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Intangible cultural heritage

Traditions, knowledge, craftsmanship techniques  
Photo: © UNESCO/James Muriuki

Garnierspenzer, Hat, and Steppmieder
Traditional craftsmanship in Salzburg, inscribed 2021

Since around 1850, the Garnierspenzer (lit. ‘garnished spencer’) and Steppmieder (‘quilted bodice’) have featured in the festive traditional costumes of the Alpine regions of Pinzgau, Pongau, and Lungau in the province of Salzburg. These costumes stand out due to the elaborate design of the tops, the application of lavish silk flowers on the spencer, and the raised quilting on the bodice. These features take a high level of tailoring knowledge and experience to produce. They also contribute to their wearers’ identification with the region.

The main features of the Steppmieder and Garnierspenzer costumes date back to the 17th century and reflect the bourgeois and courtly fashions of that era. Today, the entire costume encompasses eight elements that can be combined in various ways in accordance with the occasion; the skirt and top are separate pieces of clothing but can be connected with a silver hook, while the skirt itself is the element which remains consistent in this traditional dress. On Sundays, the costume is worn as Miedergewand (lit. ‘bodice robe’), which includes the Steppmieder and Unterröckl (‘underskirt’). The Garnierspenzer, which is usually black, is worn for important occasions. The silk Miedertuch (‘shawl’), which is the same colour as the apron, is tucked into the neck of the Garnierspenzer. The finishing touch to this costume is the so-called Bürstelhut (lit. ‘bristle hat’). The creation and embellishment (garnishing) of the Garnierspenzer, including artistic frills, buds, flowers, and leaves, requires a considerable degree of skill, as an entire Garnierspenzer takes up to 130 hours to produce. This traditional costume’s production requires the highest level of sewing skills and the region’s master tailors have been producing these dresses at their workshops for generations. There is room for creativity in the design and colouring of the bodice and spencer, which means that this item of clothing constantly reinvents itself.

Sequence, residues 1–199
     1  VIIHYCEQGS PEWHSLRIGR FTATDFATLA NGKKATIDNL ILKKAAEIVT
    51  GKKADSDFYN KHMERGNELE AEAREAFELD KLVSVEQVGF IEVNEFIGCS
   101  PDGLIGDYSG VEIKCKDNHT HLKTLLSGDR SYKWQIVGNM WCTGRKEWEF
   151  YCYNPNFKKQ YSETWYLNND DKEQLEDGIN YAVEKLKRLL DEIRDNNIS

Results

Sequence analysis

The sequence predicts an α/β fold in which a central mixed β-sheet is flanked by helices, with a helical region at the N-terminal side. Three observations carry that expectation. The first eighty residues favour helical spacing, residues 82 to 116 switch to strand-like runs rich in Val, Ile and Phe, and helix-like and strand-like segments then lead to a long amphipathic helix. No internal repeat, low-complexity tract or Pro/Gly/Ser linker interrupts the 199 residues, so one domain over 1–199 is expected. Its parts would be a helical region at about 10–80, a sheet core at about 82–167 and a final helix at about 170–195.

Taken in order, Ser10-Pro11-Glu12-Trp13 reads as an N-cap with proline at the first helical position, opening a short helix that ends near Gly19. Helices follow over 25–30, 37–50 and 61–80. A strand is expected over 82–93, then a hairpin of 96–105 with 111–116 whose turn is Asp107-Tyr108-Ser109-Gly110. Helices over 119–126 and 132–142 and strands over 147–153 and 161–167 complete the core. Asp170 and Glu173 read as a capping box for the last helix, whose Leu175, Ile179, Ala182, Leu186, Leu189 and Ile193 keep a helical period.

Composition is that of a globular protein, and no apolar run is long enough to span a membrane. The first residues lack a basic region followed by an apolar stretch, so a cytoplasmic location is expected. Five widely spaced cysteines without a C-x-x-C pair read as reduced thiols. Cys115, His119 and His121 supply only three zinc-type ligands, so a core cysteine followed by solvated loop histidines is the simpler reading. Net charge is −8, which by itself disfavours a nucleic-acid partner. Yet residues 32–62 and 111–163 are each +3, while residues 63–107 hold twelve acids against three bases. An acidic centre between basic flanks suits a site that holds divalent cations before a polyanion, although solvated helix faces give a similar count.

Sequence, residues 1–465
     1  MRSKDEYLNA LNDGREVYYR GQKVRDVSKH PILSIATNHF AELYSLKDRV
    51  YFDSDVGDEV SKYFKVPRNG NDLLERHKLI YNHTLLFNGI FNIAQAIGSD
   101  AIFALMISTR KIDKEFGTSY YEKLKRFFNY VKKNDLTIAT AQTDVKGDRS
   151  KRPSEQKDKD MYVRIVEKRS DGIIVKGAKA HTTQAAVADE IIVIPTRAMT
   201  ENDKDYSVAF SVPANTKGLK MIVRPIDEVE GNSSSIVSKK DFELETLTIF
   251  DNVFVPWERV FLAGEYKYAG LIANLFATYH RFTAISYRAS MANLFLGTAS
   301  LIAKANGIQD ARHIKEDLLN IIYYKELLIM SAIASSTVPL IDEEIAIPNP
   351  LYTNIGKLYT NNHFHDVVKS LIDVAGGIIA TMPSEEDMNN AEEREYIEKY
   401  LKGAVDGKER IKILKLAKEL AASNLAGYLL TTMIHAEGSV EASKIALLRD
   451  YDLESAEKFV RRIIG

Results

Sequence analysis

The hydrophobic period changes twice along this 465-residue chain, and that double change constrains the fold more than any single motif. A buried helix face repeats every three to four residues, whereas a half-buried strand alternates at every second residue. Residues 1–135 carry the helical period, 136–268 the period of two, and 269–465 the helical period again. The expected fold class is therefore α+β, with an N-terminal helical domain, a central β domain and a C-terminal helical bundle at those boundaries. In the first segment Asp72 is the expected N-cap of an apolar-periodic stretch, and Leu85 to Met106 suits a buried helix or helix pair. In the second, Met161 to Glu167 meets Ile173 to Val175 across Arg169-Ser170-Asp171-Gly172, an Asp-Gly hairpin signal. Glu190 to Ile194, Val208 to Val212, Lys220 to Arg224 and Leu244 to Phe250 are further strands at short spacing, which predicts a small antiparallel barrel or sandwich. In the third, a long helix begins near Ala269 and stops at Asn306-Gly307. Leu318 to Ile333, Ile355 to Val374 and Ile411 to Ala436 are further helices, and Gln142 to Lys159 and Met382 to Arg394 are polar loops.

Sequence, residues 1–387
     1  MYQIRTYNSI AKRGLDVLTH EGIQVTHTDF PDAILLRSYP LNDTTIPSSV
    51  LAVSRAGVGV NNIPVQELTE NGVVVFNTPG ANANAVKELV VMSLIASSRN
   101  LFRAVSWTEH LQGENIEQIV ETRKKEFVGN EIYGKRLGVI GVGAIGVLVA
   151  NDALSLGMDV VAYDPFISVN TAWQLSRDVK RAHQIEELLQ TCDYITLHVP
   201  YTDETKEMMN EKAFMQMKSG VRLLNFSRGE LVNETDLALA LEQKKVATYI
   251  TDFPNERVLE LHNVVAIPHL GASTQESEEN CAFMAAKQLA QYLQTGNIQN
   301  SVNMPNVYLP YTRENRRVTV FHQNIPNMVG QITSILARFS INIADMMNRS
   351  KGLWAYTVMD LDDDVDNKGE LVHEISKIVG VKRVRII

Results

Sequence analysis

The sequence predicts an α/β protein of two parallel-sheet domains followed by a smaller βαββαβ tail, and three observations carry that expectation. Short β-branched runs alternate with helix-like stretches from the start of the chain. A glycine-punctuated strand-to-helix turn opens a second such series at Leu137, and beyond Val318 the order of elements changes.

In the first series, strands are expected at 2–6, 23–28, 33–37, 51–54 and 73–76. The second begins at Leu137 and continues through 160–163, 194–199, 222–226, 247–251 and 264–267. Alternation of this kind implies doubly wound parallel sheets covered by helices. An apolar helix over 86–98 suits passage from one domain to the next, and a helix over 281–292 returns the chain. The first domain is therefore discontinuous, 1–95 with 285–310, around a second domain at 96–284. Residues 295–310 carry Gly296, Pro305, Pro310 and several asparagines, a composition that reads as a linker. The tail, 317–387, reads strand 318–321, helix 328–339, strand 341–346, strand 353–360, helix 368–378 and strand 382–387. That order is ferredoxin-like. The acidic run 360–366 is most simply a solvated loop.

These costumes are produced using the greatest possible share of regional materials, and they are often handed down within families; as such, they do not only fulfil a social role but also represent a particularly sustainable type of clothing. They are viewed as an important element of Pinzgau’s identity. They engender a feeling of community amongst wearers and a connection to their own history.

On the one hand, initiatives carried out by associations, such as documentations, media work, and a scheduled special exhibition on this topic, contribute to the safeguarding of the Garnierspenzer with its hat and Steppmieder; on the other hand, members of the Catholic Women’s Movement, women’s traditional costume groups, and farmers also play an important role in keeping the tradition alive by wearing the dress.


Christine Eberl
5771 Leogang



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